Today, let us discuss a very interesting stuff. Let say is a compact manifold without boundary of dimention .

On , we consider the following simple PDE

where and are smooth functions with and . Since , it is well-known that the operator is coercive, see here. A standard variation method tells us that there exists a weak solution to the above PDE. By regularity theorem, is at least a function, thus, a strong solution (in the classical sense).

Next, we claim that . To this purpose, assume that the solution achieves its minimum at some point . In particular, there holds

.

This, together with the fact that and , implies that . Thus, we have shown that in .

Once we have the non-negativity of , in view of the strong maximum principle, either in or . In other words, the solution cannot achieves its minimum inside the manifold. Since the manifold has no boundary, it is natural to think that the solution cannot achieve its minimum although . This is clear a contradiction to the fact that the manifold is compact and is of class .

So something went wrong but what and why?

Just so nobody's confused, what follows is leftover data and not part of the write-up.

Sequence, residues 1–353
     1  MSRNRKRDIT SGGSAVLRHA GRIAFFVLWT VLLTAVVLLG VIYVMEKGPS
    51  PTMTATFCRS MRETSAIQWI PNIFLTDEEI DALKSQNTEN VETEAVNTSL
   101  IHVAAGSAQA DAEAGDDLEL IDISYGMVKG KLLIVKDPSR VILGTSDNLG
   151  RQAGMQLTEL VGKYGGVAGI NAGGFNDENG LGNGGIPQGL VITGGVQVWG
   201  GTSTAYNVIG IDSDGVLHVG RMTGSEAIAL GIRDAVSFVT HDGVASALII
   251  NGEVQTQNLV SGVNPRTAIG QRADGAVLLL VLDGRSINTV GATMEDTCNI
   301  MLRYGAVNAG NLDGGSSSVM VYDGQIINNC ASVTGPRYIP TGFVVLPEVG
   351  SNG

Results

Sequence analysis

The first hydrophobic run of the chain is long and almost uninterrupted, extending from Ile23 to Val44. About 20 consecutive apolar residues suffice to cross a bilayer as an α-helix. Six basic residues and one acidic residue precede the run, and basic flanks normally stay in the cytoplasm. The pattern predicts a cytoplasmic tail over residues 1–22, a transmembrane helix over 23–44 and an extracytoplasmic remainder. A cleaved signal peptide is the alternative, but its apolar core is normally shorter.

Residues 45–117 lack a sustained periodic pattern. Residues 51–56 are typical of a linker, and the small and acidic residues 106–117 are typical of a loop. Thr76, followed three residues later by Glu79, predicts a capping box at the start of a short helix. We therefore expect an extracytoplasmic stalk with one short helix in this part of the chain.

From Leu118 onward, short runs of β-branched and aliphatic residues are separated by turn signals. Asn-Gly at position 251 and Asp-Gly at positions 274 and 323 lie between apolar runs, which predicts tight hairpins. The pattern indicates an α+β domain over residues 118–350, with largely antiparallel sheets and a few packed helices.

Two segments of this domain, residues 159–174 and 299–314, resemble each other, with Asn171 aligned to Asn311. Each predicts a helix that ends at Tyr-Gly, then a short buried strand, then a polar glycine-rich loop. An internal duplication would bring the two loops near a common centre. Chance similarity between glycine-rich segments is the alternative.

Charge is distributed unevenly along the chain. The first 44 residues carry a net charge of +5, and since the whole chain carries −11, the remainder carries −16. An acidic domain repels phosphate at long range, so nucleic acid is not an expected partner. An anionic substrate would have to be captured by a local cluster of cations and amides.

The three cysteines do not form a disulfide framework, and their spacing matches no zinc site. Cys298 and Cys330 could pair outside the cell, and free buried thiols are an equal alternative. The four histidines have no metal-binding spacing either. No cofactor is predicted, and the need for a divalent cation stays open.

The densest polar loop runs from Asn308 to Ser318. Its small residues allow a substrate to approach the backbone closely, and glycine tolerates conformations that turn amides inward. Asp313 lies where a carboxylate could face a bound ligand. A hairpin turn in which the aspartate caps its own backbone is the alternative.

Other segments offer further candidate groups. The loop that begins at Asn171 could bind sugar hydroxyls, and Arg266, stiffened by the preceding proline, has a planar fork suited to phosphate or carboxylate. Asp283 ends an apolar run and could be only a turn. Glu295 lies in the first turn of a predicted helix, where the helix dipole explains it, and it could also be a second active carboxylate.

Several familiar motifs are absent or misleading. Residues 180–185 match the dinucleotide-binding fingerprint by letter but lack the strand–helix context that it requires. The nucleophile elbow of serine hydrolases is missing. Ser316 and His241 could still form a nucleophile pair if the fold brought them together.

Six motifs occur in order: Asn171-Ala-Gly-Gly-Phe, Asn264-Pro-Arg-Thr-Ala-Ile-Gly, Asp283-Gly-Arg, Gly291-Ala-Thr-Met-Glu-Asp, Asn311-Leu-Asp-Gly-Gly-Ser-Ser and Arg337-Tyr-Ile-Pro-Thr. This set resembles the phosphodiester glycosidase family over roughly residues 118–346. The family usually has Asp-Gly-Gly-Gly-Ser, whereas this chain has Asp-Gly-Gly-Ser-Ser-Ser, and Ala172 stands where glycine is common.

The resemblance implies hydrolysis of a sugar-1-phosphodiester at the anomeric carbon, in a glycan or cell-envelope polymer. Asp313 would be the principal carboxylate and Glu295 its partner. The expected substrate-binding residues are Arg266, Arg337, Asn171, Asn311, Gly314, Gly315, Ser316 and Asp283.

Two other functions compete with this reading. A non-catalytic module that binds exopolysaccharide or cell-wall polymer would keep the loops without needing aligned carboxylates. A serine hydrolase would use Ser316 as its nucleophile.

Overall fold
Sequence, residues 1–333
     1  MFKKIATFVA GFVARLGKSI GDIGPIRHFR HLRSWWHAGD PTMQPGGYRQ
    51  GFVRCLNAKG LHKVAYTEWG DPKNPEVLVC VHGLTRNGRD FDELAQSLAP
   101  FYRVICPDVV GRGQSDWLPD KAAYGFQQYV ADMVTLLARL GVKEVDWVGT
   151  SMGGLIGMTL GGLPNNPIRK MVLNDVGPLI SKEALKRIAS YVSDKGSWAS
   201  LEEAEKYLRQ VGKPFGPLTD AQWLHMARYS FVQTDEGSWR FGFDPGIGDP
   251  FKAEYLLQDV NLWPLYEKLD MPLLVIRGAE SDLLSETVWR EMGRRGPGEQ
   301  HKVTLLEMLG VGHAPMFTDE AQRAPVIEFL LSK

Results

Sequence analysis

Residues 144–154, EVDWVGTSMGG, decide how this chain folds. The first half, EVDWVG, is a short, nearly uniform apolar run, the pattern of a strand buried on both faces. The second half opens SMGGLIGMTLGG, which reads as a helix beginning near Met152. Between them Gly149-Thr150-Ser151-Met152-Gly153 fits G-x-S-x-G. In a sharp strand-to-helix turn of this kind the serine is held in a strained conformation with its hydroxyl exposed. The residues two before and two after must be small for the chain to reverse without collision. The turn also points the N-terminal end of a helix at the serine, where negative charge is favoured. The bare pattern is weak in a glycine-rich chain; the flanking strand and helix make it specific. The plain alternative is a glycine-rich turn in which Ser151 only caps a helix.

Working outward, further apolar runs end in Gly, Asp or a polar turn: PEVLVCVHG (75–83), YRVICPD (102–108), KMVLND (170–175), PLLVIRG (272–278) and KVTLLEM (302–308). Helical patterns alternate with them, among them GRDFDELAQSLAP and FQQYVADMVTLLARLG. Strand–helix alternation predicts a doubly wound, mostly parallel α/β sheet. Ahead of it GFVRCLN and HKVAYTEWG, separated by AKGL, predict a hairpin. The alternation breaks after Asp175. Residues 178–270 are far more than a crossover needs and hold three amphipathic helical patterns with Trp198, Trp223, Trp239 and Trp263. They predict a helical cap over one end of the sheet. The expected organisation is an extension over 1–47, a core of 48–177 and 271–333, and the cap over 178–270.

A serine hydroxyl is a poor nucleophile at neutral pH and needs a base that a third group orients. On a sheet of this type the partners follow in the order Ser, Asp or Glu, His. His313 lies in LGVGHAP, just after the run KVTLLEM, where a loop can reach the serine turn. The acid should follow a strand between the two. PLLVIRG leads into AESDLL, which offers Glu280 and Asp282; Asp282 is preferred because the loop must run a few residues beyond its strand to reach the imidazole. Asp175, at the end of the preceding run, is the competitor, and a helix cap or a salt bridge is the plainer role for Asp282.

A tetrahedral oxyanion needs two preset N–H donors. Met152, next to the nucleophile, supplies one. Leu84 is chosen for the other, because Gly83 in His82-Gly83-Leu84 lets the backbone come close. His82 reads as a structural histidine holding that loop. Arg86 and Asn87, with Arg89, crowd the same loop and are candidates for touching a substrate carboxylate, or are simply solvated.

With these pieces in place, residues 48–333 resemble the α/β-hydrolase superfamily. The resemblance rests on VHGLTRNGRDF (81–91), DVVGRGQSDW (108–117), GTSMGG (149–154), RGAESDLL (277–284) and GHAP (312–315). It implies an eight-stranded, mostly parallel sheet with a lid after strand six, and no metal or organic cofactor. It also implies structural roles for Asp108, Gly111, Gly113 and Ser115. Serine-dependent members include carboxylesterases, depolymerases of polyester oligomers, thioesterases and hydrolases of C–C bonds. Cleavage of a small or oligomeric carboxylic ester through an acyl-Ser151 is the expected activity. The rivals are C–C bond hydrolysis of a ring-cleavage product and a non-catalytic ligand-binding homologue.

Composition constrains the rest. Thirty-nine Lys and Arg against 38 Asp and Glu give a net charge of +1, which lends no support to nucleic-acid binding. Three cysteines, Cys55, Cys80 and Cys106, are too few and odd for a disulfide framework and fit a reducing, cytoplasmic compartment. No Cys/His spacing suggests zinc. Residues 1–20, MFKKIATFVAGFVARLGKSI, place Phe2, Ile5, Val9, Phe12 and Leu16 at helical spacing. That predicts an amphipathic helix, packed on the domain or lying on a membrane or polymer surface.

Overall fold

In fact, we have made a small mistake. In view of the strong maximum principle, we can only claim that the solution can only achieve its non-positive minimum value on the boundary. Therefore, there are cases so that may achieve its positive minimum inside . Thus, there is no contradiction here.

In order to see this, let us go back to a proof of the strong maximum principle. Roughly speaking, it starts with the following simple one.

**Lemma 1**. If at any point in , then cannot have non-positive minimum value in .

*Proof*. The proof is standard. Assume that at , the function realizes its minimum, besides, . In particular, and . These force at . A contradiction.

Form the proof above, if , we cannot get any contradiction. This is why we can claim either or since can achieve its positive minimum in .

Notice that, if we don’t have any (in the operator), the non-positivity can be dropped.